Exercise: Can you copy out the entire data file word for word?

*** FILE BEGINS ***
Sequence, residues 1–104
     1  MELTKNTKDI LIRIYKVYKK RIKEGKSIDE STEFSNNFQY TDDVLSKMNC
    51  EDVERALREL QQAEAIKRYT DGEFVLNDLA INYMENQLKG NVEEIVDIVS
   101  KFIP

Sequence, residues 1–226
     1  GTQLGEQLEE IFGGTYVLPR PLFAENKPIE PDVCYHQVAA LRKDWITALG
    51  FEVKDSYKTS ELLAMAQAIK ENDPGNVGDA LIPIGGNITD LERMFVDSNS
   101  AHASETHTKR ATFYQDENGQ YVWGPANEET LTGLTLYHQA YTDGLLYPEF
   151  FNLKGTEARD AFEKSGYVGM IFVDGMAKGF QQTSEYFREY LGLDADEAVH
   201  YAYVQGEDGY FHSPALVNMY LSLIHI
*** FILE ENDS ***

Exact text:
Sequence, residues 1–104
     1  MELTKNTKDI LIRIYKVYKK RIKEGKSIDE STEFSNNFQY TDDVLSKMNC
    51  EDVERALREL QQAEAIKRYT DGEFVLNDLA INYMENQLKG NVEEIVDIVS
   101  KFIP

Sequence, residues 1–226
     1  GTQLGEQLEE IFGGTYVLPR PLFAENKPIE PDVCYHQVAA LRKDWITALG
    51  FEVKDSYKTS ELLAMAQAIK ENDPGNVGDA LIPIGGNITD LERMFVDSNS
   101  AHASETHTKR ATFYQDENGQ YVWGPANEET LTGLTLYHQA YTDGLLYPEF
   151  FNLKGTEARD AFEKSGYVGM IFVDGMAKGF QQTSEYFREY LGLDADEAVH
   201  YAYVQGEDGY FHSPALVNMY LSLIHI